If the BIOS redirection component is executed during the entire execution of the computer system, it is executed in a manner to eliminate any possible conflict between the operating system and the BIOS redirection component. In particular, in conjunction with the execution of the BIOS redirection component, a determination is made as to whether the operating system has allocated computing resources in a manner that indicates that a conflict between the BIOS redirection component and the operating system may occur. If it is determined that the operating system has allocated computing resources in a manner that indicates that a conflict may occur, the BIOS redirection component is operative to preemptively release resources utilized by the BIOS redirection component in a manner designed to eliminate the possible conflict with the operating system.
According to other aspects of the invention, the process of determining whether the operating system has allocated system resources in a manner that indicates that a conflict may occur with the BIOS redirection component may include monitoring the contents of a memory location within the computer system to determine if the operating system has taken control of the memory location and written data to the memory location. According to various aspects of the invention, the memory location may comprise at least a portion of an interrupt vector table utilized to store the memory location of interrupt handlers for software interrupts utilized by the BIOS redirection component and the operating system.
According to even other aspects of the invention, the BIOS redirection component may preemptively release one or more software interrupts and one or more hardware interrupts if it is determined that the operating system has allocated resources in a manner that indicates that a conflict may occur. By preemptively releasing these interrupts and potentially other computing resources in view of a potential conflict, the BIOS redirection component may terminate its execution gracefully and avoid any potential conflict with the operating system.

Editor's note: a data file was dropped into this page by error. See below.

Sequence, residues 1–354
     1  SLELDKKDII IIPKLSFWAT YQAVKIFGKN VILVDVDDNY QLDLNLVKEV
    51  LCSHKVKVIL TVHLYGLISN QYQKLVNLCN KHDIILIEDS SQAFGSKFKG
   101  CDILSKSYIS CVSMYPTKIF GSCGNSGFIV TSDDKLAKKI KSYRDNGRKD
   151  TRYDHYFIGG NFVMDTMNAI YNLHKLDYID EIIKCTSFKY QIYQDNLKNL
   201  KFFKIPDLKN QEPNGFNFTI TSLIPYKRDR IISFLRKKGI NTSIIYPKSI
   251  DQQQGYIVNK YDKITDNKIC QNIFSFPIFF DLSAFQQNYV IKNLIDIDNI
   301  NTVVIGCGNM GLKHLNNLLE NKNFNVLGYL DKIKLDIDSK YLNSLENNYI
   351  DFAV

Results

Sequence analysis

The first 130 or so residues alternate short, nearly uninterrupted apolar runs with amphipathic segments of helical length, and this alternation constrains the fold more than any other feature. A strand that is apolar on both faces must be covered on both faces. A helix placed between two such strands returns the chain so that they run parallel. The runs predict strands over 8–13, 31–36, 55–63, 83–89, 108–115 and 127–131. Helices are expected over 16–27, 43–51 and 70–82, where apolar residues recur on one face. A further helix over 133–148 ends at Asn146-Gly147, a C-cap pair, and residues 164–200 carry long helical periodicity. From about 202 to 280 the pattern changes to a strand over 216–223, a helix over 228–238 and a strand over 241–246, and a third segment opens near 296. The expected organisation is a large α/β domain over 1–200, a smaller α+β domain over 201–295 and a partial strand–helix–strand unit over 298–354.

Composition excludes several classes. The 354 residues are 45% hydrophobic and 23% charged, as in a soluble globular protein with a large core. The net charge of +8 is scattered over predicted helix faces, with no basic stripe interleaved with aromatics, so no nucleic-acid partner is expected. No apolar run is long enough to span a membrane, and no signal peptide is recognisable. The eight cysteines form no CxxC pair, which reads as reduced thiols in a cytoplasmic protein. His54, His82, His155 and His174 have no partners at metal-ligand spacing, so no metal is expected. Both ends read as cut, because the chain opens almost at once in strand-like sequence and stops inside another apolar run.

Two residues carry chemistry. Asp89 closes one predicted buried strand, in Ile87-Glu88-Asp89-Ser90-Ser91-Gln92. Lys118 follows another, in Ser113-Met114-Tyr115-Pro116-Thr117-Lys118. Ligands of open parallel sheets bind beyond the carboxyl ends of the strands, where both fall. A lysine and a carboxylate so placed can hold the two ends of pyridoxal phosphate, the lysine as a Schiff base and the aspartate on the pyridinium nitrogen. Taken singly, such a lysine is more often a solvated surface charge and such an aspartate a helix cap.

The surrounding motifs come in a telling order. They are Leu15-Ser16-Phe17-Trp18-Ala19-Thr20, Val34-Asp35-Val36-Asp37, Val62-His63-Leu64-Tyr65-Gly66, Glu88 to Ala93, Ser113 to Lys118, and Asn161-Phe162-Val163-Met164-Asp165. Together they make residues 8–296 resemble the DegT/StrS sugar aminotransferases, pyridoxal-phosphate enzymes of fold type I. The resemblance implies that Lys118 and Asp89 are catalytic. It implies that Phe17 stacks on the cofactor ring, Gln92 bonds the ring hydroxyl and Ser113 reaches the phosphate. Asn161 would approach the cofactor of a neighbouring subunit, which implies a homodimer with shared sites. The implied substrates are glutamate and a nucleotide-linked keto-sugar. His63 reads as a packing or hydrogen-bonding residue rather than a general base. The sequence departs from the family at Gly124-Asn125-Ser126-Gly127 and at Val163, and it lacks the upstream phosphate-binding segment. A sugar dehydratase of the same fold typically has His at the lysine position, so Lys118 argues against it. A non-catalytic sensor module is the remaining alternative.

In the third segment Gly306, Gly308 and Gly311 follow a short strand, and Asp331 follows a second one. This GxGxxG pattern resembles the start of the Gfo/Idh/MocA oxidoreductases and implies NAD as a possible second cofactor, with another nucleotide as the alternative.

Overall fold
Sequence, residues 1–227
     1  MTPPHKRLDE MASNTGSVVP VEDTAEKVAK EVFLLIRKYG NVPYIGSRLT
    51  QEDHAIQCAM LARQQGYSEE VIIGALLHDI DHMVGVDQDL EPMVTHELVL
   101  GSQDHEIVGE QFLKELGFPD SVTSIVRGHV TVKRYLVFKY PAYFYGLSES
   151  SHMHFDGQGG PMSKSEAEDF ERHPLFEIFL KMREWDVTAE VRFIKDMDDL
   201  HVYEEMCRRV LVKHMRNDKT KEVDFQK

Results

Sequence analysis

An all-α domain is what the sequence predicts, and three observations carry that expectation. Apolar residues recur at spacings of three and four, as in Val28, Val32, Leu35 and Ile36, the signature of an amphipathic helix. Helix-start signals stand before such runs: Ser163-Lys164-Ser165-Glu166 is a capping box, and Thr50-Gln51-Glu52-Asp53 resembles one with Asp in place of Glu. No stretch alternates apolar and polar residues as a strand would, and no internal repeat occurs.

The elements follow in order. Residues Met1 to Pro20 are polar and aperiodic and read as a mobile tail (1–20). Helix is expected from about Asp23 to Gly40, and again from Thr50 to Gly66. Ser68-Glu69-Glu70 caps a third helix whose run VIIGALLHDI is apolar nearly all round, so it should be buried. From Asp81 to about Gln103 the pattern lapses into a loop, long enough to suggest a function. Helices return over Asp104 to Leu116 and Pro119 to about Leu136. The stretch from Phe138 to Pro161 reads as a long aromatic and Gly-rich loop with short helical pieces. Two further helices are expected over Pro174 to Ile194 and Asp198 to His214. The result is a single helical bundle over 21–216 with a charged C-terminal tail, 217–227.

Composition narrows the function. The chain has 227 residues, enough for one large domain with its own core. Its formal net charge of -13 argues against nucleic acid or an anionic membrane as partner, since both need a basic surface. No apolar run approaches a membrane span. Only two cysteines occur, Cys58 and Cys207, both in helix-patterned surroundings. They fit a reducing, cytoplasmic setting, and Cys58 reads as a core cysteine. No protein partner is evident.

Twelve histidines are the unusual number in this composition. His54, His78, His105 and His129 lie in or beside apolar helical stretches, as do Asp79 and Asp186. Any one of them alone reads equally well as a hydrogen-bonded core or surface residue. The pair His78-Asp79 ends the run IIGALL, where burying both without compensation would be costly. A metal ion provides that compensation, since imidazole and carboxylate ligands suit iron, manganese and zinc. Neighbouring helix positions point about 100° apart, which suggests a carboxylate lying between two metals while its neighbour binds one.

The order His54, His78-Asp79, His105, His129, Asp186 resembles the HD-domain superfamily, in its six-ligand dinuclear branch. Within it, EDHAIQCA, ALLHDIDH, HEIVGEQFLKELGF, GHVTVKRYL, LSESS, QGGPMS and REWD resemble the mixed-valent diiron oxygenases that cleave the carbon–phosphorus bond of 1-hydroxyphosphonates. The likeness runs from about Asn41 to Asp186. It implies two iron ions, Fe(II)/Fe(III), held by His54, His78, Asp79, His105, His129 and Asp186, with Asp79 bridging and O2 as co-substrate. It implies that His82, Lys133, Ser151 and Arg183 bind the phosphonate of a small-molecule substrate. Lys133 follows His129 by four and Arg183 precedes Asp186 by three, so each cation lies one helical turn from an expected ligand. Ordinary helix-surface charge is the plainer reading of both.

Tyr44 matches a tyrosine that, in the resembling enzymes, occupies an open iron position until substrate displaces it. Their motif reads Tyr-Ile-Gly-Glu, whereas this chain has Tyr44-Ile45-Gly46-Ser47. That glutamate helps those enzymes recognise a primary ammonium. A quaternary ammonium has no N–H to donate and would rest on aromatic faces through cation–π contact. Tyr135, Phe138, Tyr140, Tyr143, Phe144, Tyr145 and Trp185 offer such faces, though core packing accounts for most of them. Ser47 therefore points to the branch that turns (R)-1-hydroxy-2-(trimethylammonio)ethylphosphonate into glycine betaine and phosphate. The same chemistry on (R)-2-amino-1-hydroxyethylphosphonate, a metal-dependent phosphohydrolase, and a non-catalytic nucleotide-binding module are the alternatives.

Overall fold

According to various aspects of the invention, a computer readable media comprising computer executable instructions for performing the various methods provided herein are also provided. Additionally, a computer controlled apparatus capable of performing the various methods described herein are also provided. These and various other features as well as advantages, which characterize the present invention, will be apparent from a reading of the following detailed description and a review of the associated drawings.
As described briefly above, embodiments of the present invention provide methods, apparatus, and computer-readable media for ensuring the compatibility of an operating system and a BIOS redirection component. In the following detailed description, references are made to the accompanying drawings that form a part hereof, and in which are shown by way of illustration specific embodiments or examples. These embodiments may be combined, other embodiments may be utilized, and structural changes may be made without departing from the spirit and scope of the present invention. The following detailed description is, therefore, not be taken in a limiting sense, and the scope of the present invention is defined by the appended claims and their equivalents.
Referring now to the drawings, in which like numerals represent like elements throughout the several figures, aspects of the present invention and the illustrative operating environment will be described.
Generally, program modules include routines, programs, components, data structures, and other types of structures that perform particular tasks or implement particular abstract data types. Moreover, those skilled in the art will appreciate that the invention may be practiced with other computer system configurations, including hand-held devices, multiprocessor systems, microprocessor-based or programmable consumer electronics, minicomputers, mainframe computers, and the like. The invention may also be practiced in distributed computing environments where tasks are performed by remote processing devices that are linked through a communications network. In a distributed computing environment, program modules or data files may be located in both local and remote memory storage devices.
Turning now to